go to the store. I’d try them on and turn around and check out how
my backside looks in the mirror. Gross: [laughs] At the board meeting?
Cross: So, I mentioned this to the board of directors. And it got a really good laugh.
But I wish I hadn’t told that story to the board of directors.
Greer: Wow. True confessions. Cross: It was a true confession.
But, yeah, I have a pair of Levi’s on right now. It’s a standard go-to. They’re affordable,
they’ve opened up lots of different types of styles that match what I want.
Greer: Ron? Gross: The jeans I’m currently wearing as
we speak are nine years old and from Gap. I’m sure they’re not in style anymore.
Cross: Were they ever? Gross: I don’t know.
I wouldn’t even know how to tell. Greer: And what would you say was your most stylish
jeans? If we go back, get in the way-back machine. Gross: Oh, this is sad.
I don’t know how much of our audience remembers Jordache or
Jordache and Sasson jeans. In sixth grade, I had a brand-spanking-new pair of Jordache that
I refused to wear because they were designer and tight and ridiculous. But yet, I found
myself having to throw them on to attend a band concert that the parents
all attended in our sixth grade auditorium. I remember it to this day. I’m sure I dream about it
consistently. It was just so embarrassing and traumatic.
Greer: And how did that work out for you? Gross: It was just so embarrassing and traumatic.
Cross: You guys ever go the Mavi route? I did Mavi’s for a while.
Greer: No, what is that? Cross: It’s a brand. They’re still around.
You can still buy them on Zappos and Amazon. Gross: Lucky makes a nice pair of jeans. Cross: Lucky, yeah. Greer: I’m surprised neither of you mentioned
Toughskins. I would rock the Toughskins in elementary school.
Cross: [laughs] Toughskins?! Gross: Are they for husky children?
Cross: There you go! If the jean fits … Greer: I was not husky. Then I went through
a dark period in college where I wore Wranglers with Stan Smith tennis shoes, which is a
terrible look. If you’re going to wear Wranglers, you have to wear boots. And I think technically,
you probably have to dip or chew. I didn’t do any of that.
Gross: Are you wearing Kirkland jeans right now? Costco?
Greer: I’ve gotten religion. I was wearing Kirkland for a while. I love Costco.
You know I love Costco. Gross: Yeah, we know.
Greer: But Kirkland is just … I feel like you’ve just given up. So, I finally said,
“I’m going back to Levi’s.” Now, I’m wearing Levi’s 501s. Gross: They look amazing. Greer: I’m happy as a clam, but I’m not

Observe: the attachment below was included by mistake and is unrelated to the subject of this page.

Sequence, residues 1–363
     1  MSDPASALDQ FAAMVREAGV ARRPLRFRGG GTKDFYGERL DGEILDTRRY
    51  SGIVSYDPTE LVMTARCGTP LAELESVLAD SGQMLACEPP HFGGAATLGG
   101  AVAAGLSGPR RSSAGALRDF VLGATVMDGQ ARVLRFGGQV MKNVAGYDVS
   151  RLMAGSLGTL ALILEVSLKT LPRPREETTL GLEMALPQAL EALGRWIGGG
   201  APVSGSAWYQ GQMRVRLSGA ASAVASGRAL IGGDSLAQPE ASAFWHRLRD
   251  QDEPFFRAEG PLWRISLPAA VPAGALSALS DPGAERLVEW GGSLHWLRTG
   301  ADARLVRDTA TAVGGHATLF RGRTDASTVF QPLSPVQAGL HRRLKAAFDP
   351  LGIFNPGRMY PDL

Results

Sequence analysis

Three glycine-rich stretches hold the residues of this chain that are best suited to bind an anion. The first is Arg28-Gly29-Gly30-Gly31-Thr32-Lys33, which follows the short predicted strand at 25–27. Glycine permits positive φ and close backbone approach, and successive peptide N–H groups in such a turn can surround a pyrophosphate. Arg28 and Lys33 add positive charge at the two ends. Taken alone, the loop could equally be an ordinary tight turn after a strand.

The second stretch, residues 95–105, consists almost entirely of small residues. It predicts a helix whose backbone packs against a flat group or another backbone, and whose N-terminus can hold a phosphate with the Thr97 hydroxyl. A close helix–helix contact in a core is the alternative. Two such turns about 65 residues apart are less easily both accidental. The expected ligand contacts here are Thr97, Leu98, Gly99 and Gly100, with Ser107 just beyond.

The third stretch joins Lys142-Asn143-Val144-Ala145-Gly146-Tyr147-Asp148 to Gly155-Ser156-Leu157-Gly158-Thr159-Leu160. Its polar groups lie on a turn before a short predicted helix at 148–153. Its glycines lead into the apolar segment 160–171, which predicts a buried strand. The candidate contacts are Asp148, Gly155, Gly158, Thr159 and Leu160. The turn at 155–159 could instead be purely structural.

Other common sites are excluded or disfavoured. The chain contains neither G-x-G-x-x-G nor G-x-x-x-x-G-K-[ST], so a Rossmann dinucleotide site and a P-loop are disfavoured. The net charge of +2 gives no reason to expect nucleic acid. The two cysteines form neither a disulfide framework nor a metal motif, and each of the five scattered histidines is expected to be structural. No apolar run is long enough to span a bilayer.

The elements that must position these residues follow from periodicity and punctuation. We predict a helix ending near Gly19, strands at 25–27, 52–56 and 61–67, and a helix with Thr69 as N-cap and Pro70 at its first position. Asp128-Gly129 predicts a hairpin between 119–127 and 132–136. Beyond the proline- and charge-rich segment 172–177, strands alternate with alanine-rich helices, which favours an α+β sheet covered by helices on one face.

turning around. I don’t do that. I just put them on and there you go.
Gross: You know that strip that goes along the leg that says what size they are?
The adhesive strip? I once went to a party forgetting to remove that adhesive strip. And I got there,
and luckily, it was friends who pointed out. But before they told me, they took a picture
of it. I as wearing a blazer, jeans, and the adhesive strip. I forget what size they were.
Greer: I think that that means you’re just incredibly secure.
Gross: Because I didn’t check myself out in the mirror before?
Greer: You’re so confident that you’re like, “This is how I roll.”
Gross: It was there on purpose. Greer: Then again, I didn’t get
married until I was 40. Consider the source. Gross: [laughs] Yeah, you’re no source.
Cross: Acid wash? Did you guys go the acid wash route? Gross: I loved acid wash. Greer: More stone wash,
but yeah. You like acid wash? Gross: It worked for me for a good
two years in New York and Jersey. Greer: Full-on Bon Jovi.
Gross: Good times. Greer: The desert island poll, it’s a little tricky this time.
I think I know where you’re going with this. If you had to invest in one
of these companies that we’ve talked about, you’re on a desert island for the next five
years — I should preface this by saying, don’t invest this way. It’s just a fun game.
Walmart, Berkshire Hathaway, or the maybe soon-to-be Levi’s IPO. Berkshire?
Cross: Yeah, I have to go Berkshire on that. Gross: No-brainer. I think it’s my biggest
holding, actually, and I’m a proud shareholder. Greer: There you go. Andy Cross,
Ron Gross, thanks for joining me! Gross: Thanks!
Cross: Thanks, Mac! Greer: [email protected] is our email.
If you have any questions or comments, or if you just want to talk about your jeans
history, we would love, love, love to hear it. As always, people on the show may have
interest in the stocks they talk about, and the Motley Fool may have formal recommendations
for or against, so don’t buy or sell stocks based solely on what you hear. That’s it for
this edition of Market Foolery. I’m Mac Greer. For the Jordache-wearing Ron Gross, and
for the very fashionable Andy Cross, the show is mixed by Austin Morgan.
Thanks for listening! We’ll see you tomorrow.